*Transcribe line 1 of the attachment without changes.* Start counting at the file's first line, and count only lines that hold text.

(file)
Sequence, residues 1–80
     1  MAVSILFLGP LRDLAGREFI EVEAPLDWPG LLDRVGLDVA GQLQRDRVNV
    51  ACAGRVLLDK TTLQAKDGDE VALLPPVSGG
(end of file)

Sequence, residues 1–80